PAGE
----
FG budgets Only N20 million for Ogoni land clean-up support

FG budgets Only N20 million for Ogoni land clean-up support

By Cornelius Essen, Abuja and Chinedum Uwaegbulam, Lagos (The Guardian)

• Environment Ministry owes contractors N11.6b
• Nigeria, others get $540m to restore ozone layer

The Federal Government has budgeted only N20, 226, 000 for Ogoni land clean up support in 2018 appropriation bill

But over N350billion is required to commence the clean up. It is believed that the N20million would be used for maintenance of the office.

A total of N27, 369, 935, 852 is allocated to the Federal Ministry of Environment, and out of this N9, 524,482,833 is for capital projects, while debt owed contractors stood at N11.6 billion.

President Muhammadu Buhari in the 2018 budget presentation said: “We are working hard on the Ogoniland clean up project, and have engaged eight international and local firms proposing different technologies for the mandate.”

“This would enable us select the best and most suitable technology for the remediation work, and have asked each firm to conduct demonstration clean up exercises in four local government areas of Ogoniland.”

“Although, the International Oil Companies will fund the project, we have made provisions in 2018 budget for the costs of oversight and governance, to ensure effective implementation.”Minister of state for Environment, Ibrahim Usmam Jibril, recently, explained that the clean up of Ogoni land is being delayed due to budget constraints and the ground work before the project would start.

According to him, “since the inception of the present.“You can’t do anything if you cannot collect the money if you don’t budget for it; so you have to show your work plan which is what HYPREP has been doing,” the Minister explained.The Director General of National Biosafety Management Agency, NBMA, Dr.Rufus E. Ebegba told The Guardian that they received 50 per cent of 2017 budget allocation to strengthen institutions nationwide.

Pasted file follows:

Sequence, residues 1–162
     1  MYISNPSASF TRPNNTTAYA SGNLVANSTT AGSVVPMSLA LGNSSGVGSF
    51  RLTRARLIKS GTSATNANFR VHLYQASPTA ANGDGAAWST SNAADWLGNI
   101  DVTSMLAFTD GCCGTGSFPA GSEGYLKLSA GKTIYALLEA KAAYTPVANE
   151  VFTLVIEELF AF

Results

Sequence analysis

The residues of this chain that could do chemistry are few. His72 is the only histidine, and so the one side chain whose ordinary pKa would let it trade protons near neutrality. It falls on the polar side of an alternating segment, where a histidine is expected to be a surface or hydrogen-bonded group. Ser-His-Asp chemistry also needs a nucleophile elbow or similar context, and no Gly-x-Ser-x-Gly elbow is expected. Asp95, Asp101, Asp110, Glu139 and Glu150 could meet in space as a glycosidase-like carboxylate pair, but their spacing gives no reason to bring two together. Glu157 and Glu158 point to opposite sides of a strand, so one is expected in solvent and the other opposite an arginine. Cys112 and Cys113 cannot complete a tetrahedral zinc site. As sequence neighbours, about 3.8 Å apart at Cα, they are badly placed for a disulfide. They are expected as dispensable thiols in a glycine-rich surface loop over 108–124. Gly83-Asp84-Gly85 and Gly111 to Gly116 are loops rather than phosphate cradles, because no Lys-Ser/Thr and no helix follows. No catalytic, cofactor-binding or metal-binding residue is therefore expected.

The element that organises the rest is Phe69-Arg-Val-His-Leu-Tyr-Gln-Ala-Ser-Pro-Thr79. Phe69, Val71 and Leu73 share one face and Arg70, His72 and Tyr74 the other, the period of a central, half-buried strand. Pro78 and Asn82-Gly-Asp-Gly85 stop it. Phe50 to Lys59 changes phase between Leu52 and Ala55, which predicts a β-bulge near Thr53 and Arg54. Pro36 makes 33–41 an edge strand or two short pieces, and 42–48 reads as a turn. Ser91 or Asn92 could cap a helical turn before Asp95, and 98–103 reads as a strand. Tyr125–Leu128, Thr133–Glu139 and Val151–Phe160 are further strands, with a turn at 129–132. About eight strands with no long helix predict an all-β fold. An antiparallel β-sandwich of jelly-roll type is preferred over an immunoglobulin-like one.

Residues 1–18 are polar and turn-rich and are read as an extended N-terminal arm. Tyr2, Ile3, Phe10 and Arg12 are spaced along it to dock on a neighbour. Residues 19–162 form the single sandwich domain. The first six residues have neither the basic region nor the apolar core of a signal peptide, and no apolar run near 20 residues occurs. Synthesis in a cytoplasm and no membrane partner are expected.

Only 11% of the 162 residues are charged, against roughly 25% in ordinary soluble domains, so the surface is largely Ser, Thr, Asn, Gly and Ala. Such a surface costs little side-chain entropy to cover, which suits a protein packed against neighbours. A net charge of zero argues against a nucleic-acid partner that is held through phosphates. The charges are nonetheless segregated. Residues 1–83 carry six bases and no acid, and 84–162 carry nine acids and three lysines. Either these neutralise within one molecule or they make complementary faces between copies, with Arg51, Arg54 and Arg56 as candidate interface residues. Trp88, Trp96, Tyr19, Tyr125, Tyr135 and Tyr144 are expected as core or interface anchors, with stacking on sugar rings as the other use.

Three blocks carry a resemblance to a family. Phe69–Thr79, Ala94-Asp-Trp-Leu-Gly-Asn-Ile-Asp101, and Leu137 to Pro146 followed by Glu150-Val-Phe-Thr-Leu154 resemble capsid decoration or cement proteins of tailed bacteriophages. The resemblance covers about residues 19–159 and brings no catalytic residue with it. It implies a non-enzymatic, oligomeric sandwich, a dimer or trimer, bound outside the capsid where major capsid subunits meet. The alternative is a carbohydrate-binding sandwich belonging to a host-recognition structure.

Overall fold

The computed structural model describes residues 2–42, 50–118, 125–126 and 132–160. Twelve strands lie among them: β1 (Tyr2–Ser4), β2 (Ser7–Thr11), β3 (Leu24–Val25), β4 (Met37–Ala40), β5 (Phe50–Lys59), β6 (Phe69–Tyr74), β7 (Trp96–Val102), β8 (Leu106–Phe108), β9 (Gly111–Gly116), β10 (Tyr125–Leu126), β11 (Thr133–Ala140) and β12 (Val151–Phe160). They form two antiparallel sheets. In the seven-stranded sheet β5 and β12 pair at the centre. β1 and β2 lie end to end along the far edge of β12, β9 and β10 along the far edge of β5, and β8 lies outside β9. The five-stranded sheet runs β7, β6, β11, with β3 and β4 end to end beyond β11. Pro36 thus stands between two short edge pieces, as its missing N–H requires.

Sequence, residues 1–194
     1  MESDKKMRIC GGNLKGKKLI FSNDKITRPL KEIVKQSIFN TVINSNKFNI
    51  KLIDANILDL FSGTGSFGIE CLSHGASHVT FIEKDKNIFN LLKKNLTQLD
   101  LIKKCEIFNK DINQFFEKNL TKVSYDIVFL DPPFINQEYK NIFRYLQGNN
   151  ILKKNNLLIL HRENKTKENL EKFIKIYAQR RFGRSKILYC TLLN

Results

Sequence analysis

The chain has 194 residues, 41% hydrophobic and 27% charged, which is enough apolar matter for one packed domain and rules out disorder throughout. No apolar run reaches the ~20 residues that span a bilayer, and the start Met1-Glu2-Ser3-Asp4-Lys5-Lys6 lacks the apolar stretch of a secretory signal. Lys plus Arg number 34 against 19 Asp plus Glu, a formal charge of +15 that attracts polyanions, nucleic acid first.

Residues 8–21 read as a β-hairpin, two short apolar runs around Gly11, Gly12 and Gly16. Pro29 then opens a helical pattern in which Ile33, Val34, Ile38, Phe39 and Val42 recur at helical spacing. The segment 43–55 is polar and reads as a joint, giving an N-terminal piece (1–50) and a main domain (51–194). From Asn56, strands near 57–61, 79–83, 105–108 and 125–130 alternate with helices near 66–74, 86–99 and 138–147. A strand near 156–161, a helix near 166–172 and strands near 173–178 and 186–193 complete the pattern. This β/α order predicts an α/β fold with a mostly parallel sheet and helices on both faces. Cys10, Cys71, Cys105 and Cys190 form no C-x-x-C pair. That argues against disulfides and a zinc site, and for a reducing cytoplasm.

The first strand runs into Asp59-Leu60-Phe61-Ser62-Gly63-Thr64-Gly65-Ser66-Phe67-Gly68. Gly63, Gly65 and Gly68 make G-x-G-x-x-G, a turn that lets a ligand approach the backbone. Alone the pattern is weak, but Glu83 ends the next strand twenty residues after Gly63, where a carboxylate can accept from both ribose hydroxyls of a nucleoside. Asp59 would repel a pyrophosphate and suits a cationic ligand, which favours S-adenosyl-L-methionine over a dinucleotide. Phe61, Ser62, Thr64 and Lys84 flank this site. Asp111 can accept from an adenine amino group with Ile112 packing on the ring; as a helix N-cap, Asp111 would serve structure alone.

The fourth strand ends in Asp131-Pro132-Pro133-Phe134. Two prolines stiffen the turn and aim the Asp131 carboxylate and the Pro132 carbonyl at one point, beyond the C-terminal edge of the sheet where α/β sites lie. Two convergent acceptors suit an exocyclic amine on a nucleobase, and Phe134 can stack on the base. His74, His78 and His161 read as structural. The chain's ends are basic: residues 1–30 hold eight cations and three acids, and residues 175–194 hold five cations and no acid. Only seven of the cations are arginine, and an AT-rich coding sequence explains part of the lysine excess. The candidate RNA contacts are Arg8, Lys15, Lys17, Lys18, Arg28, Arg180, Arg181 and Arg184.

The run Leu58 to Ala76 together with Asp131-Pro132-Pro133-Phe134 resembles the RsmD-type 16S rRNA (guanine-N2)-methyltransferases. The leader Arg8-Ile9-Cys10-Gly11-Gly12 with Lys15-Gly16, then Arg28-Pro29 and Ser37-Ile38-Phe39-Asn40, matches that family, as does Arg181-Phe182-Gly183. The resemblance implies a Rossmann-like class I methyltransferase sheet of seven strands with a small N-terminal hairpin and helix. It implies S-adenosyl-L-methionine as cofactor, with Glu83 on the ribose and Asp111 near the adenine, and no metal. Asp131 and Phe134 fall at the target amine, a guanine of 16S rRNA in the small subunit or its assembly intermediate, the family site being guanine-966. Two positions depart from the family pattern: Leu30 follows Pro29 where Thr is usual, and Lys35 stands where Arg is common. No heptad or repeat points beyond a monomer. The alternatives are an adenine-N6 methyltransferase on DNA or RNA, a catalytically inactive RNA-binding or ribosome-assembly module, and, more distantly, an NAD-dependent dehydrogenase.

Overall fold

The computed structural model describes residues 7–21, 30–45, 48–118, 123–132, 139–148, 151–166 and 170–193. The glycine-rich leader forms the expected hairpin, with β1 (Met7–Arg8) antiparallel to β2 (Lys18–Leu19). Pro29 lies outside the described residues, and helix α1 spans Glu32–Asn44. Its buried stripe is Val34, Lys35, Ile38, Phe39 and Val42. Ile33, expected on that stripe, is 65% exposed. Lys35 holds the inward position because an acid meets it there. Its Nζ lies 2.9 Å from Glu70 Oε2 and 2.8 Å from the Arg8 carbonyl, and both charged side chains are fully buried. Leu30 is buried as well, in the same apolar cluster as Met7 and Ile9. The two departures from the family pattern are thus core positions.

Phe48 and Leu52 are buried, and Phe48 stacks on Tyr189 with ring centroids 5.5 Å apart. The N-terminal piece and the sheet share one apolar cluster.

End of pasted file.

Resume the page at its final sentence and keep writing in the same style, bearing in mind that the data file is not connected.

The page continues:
According to him, there are seven ongoing projects since last year and with 2018 appropriation of N689, 882,03, we hope this one would be a promising year for the agency.A break down of NBMA budget allocation, shows that procurement of genetically modified organisms, GMOs detect unit would gulf N13.5 million, while research institutes would take N19.5 million.

Meanwhile, developing countries including Nigeria are to receive $540 million under the Montreal Protocol to continue their work to protect the environment and restore ozone layer to pre-industrial age level.

Under the Kigali Amendment, Nigeria and others are to phase out ozone-depleting hydro chlorofluorocarbons (HCFCs) and to initiate enabling activities for the phase-down of climate-warming hydro fluorocarbons (HFCs).

The funds will be provided by developed countries over the period 2018 to 2020 through the Multilateral Fund for the Implementation of the Montreal Protocol, which has disbursed over $3.7 billion since 1991 to support developing countries to phase out chemicals that destroy the ozone layer.

Montreal Protocol parties made the funding commitment during the joint 11th meeting of the Conference of the Parties to the Vienna Convention and the 29th Meeting of the Parties to the Montreal Protocol held in Montreal. There are 197 parties to the Montreal Protocol.

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Nigeria has been part of a global effort to protect the ozone layer, which scientists discovered about four decades ago, was being depleted by a group of man-made chemicals referred to as ODS such as Chlorofluorocarbons (CFCs), Halons, Carbon Tetrachloride, Methyl Chloroform and Methyl bromide.

It is acknowledged that since the Montreal Protocol came into force, Nigeria, like other parties has continued to take actions in line with the provisions of the Protocol towards solving the problem of ozone layer depletion. The actions have led to reductions in the production and consumption of ODS, while the Montreal Protocol is adjudged to be the most successful Multilateral Environmental Agreement (MEA) that illustrates how countries can come together to solve a common problem.

Nigeria had a baseline consumption of over 4,000 metric tons of ODS, which essentially are used in various industrial applications. These include domestic, commercial and industrial refrigeration and air conditioning, flexible and rigid insulation foam and in numerous other applications such as aerosol propellants and solvents

The Guardian Newspaper

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